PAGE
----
The Empty Calories My Posts Ate
An experiment with StumbleUpon made me realize that not all views are created equal.
I already knew StumbleUpon. Interesting concept around proposing pages from all around the Web.
But I noticed just days ago that you can submit your own articles, getting a tiny share of their billions of monthly views.
Greedy Me soon submitted some articles. You just add the link to your Medium article to a list on StumbleUpon. They’ll show exactly that page to a number of users.
And, on March 29, I got this peak in views, few minutes after submitting a dozen of my posts.
Wow! Why on earth didn’t I try it sooner?!?
Luckily, Greedy Me is not the only resident in my mind.
Careful Me took the situation in hand, taking advantage of Greedy Me discovering the strawberries in the fridge, and stopped submitting, giving orders to wait and keep an eye on stats in the following days.
And the following days have been quite delusional.
The peak brought no significant reads and… no fans. And the read ratio of the submitted articles uselessly collapsed.
Not to mention that the peak remained quite isolated.
What you see on April 12 is one of the other few failed tests.
Just views, from StumbleUpon.
See the reads and fans stats below.
The fans peak on April 12 is because of a relatively appreciated post (claps and comments from Medium active users, mostly already known).
As you can see, there are also 6 days with less than 5 fans. And, considering that I read a lot, they probably are claps on my comments.
It’s interesting to compare the views stats above, of April, with my stats of February, which had similar views, deprived by the StumbleUpon effect.
You can easily see that similar views were associated with much more reads (4,221 vs 3,389) and a good 130 more fans (497 vs 367). In fact, February was a better month, for me. April is just pumped by the peak of views.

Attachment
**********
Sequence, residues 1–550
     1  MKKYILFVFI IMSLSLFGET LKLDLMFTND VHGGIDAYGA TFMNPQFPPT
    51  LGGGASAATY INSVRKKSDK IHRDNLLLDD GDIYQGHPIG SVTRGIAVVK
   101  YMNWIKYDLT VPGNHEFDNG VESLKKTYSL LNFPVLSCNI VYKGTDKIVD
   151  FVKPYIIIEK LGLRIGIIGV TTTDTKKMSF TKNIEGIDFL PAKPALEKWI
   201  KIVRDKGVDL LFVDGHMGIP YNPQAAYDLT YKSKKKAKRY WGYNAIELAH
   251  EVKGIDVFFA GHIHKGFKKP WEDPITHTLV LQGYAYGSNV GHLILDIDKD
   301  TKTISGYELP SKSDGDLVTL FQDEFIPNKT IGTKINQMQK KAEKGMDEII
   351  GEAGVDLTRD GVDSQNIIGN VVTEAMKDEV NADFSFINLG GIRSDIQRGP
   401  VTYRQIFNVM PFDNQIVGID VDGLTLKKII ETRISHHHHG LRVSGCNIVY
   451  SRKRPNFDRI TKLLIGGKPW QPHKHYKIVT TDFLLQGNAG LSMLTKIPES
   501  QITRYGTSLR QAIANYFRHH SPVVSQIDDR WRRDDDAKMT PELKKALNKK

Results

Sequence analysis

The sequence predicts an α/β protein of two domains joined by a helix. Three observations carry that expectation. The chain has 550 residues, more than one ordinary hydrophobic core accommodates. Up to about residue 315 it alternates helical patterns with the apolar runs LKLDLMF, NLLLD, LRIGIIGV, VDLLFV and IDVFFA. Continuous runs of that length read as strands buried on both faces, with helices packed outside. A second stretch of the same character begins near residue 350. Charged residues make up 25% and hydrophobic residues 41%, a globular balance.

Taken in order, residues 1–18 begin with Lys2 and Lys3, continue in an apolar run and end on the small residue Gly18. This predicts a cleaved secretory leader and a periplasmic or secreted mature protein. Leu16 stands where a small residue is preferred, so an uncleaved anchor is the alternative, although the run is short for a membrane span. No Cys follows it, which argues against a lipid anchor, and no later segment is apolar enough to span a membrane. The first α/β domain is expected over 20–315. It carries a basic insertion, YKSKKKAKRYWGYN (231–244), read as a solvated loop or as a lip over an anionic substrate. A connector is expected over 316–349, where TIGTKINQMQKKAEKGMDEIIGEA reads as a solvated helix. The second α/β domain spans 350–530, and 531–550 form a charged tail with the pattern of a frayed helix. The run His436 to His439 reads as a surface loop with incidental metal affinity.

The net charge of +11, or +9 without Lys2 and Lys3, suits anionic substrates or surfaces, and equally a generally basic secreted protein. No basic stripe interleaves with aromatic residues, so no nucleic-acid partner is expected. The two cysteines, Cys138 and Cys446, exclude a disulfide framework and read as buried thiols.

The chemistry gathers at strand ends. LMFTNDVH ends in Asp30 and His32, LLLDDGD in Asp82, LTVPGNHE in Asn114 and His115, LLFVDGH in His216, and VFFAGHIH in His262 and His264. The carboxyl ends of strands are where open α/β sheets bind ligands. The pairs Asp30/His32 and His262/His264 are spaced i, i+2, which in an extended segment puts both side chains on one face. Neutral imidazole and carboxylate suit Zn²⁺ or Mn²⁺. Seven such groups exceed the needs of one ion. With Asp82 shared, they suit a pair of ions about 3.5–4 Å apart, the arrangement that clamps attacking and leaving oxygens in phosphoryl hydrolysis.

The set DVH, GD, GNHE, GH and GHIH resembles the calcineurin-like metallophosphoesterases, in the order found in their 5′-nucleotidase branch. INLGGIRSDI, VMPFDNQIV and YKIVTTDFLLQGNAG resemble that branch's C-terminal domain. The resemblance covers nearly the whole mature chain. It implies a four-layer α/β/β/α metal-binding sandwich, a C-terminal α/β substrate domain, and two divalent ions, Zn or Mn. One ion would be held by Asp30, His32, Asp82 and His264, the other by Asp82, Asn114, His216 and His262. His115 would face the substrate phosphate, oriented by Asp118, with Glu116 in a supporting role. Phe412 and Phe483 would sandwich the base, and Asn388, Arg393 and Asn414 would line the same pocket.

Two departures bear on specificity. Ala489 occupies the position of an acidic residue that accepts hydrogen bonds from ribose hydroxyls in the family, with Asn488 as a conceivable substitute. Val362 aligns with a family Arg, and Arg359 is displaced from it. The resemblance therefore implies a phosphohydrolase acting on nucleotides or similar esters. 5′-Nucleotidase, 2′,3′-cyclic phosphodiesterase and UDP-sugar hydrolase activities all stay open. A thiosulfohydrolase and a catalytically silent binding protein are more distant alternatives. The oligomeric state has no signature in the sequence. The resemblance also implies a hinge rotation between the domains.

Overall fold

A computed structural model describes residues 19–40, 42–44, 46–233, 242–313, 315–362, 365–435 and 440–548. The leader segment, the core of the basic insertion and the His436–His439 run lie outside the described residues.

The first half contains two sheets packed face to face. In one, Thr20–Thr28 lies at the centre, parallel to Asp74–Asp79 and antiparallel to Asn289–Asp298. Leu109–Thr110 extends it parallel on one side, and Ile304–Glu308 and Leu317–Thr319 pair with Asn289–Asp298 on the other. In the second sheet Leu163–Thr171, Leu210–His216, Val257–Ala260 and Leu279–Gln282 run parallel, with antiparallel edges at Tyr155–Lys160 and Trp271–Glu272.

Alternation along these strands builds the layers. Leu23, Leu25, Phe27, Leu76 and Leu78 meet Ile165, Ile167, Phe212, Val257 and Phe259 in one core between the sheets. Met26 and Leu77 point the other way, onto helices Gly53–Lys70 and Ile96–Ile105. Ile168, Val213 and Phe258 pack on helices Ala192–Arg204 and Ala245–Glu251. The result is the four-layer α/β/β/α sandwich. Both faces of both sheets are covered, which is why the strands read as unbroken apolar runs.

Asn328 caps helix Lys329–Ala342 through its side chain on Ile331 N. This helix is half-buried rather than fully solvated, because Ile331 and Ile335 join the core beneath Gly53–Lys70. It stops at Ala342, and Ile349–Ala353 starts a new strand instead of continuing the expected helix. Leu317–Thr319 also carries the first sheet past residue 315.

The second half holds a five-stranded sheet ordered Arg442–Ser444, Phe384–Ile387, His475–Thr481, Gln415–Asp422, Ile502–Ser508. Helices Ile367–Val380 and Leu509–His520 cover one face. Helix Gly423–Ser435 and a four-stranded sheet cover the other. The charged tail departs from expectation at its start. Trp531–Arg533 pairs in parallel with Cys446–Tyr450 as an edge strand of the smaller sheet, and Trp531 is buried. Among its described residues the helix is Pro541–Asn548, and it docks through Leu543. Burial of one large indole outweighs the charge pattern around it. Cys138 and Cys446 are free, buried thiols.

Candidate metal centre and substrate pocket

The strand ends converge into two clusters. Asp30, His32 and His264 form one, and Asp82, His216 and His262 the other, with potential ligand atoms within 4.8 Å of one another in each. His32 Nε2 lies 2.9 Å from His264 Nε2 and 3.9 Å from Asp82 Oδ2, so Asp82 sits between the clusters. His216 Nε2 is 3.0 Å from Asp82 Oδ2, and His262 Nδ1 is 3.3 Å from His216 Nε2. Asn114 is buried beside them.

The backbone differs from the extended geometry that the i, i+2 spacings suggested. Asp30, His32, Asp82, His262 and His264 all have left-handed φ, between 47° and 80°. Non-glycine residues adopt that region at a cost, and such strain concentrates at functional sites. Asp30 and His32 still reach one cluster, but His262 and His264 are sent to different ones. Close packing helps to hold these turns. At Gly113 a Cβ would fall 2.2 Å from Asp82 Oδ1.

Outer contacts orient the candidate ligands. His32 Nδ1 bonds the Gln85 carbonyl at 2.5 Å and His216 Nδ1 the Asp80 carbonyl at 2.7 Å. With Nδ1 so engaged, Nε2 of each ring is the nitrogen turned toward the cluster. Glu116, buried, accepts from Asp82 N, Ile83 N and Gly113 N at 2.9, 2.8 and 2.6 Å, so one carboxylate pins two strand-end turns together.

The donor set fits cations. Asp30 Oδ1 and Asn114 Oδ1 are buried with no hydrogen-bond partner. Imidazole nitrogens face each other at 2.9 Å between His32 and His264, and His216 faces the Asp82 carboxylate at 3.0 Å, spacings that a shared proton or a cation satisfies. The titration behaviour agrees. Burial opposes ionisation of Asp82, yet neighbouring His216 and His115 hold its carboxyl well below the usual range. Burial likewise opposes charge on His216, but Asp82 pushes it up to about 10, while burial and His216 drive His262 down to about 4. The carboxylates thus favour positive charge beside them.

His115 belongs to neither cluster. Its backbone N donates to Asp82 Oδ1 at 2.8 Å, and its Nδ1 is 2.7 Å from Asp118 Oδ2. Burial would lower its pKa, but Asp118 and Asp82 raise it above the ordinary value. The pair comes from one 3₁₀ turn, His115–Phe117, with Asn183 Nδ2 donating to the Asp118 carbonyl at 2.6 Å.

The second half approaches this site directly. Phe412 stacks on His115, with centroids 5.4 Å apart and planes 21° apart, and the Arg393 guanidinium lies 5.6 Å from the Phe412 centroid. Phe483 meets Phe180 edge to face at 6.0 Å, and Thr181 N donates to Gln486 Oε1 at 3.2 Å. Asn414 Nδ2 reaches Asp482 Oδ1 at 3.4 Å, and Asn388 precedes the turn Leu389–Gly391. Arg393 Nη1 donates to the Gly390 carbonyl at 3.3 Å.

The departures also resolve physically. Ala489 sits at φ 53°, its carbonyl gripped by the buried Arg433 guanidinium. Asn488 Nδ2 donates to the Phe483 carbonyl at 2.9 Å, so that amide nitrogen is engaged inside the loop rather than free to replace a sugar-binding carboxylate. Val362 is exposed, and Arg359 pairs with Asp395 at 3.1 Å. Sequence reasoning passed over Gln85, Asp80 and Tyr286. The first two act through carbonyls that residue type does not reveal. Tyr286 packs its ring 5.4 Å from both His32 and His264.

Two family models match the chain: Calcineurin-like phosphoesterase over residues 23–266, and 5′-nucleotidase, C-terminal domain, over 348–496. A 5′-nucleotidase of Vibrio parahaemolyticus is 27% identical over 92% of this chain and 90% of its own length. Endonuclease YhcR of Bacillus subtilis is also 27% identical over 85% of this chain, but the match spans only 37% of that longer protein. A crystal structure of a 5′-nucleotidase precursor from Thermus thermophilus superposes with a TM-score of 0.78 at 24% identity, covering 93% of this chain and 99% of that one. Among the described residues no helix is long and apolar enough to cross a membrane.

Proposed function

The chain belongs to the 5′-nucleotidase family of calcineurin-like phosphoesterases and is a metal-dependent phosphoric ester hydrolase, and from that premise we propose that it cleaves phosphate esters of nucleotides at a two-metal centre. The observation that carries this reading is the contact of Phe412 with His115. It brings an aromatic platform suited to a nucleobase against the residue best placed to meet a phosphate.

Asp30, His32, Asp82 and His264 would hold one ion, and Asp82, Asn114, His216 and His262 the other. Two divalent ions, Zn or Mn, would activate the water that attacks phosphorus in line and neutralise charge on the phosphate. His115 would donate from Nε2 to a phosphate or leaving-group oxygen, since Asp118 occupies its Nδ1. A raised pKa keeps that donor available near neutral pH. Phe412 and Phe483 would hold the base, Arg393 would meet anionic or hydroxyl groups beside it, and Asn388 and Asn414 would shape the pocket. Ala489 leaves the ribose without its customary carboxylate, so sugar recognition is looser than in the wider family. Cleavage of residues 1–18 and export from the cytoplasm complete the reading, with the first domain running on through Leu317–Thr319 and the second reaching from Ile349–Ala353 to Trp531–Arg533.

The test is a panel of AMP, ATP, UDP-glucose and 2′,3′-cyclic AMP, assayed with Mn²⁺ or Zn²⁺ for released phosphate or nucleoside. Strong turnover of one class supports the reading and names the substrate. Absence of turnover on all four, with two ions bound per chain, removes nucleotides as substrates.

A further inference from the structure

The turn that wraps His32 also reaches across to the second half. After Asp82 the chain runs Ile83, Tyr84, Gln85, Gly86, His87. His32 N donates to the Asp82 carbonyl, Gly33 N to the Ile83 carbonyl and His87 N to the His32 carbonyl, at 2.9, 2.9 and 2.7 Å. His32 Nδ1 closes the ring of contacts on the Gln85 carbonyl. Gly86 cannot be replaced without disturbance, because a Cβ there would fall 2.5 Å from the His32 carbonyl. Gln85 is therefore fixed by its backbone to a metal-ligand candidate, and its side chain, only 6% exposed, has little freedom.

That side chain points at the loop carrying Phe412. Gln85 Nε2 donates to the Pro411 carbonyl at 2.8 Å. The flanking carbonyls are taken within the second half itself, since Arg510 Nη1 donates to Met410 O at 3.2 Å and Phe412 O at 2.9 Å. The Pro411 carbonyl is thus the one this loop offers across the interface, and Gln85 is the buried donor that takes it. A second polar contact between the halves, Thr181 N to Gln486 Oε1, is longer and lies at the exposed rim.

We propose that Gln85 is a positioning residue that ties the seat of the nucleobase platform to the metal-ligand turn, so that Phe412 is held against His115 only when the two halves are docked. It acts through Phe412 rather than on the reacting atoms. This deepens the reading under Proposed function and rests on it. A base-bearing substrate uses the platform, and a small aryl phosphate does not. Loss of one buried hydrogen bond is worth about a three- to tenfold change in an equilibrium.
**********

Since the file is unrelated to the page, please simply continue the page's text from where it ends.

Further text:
My stats with similar views but without StumbleUpon are more interesting and solid.
StumbleUpon brought views, in the days of my submissions, and some few views the following days, but quite no reads, nor fans.
I see that some few likes are present on my profile page on StumbleUpon. It seems they are real active users, but few and with no real names. Surely, not an audience.
Is it still worth?
We don’t know exactly how Medium interprets stats. I have evidence the Medium often ignores some quality metrics, like reading ratio, but I don’t have evidence that they always do that.
Having poor quality metrics may damage the visibility of our stories on Medium. I don’t want to risk that in exchange for just views.
So, the experiment failed, for me.
That’s not a scientific test, I know. Just enough data for me. Maybe I’ll retry more seriously in future.
But I discovered something I naively ignored during my test.
Are views a business?
Even a child who has just uttered his/her first word would respond yes.
But Naïve Me was in control during the test. Prudent Me is not able to delegate.
The 5% of all the proposed content of StumbleUpon is reserved for pages from advertisers. I suppose at StumbleUpon they need to eat like you and me.
What I do not know is if the business is just about generating traffic for advertisers regardless of the source of the traffic. Is this quality traffic? Does this traffic really come from readers interested in the “stumbles”?
Given that over 100,000 users use StumbleUpon for promotion I suppose that some quality traffic is there.
I saw some users that seemed real.
But it’s also possible that those customers just need views, maybe for letting their clients see how skilled they are in SEO optimization, serving some padded number.
I have myself installed the StumbleBar in Chrome, and I’ve just used it few times as a test. I generated some traffic, as many others do. Quite useless traffic. I didn’t interact much.
Are possible real readers from this platform interested in going deeper, when a Medium page appears, registering and clapping? I suppose that most of the 4 billion of Internet users in the world don’t even know what Medium is. Maybe they read the page, at best, then skip to the next Stumble.
Someone will maybe actually read and clap. Very few of them. Again, is it worth?
Is that for my business?
I still don’t know if that extra exposure is of some help in the long run — here on Medium — , but I fear it’s the contrary. Maybe I’ll experiment again, but carefully and with just a few articles.
My business is in having interested readers for my writing. Views without reads are like empty calories, for me. I like empty calories, but not in blogging.
Medium, despite its many flaws, it’s a good place to interact with interested readers, and grow an interested audience.
So, if someone offers you candies, just be careful. It’s possible that empty calories are not the best option for your diet.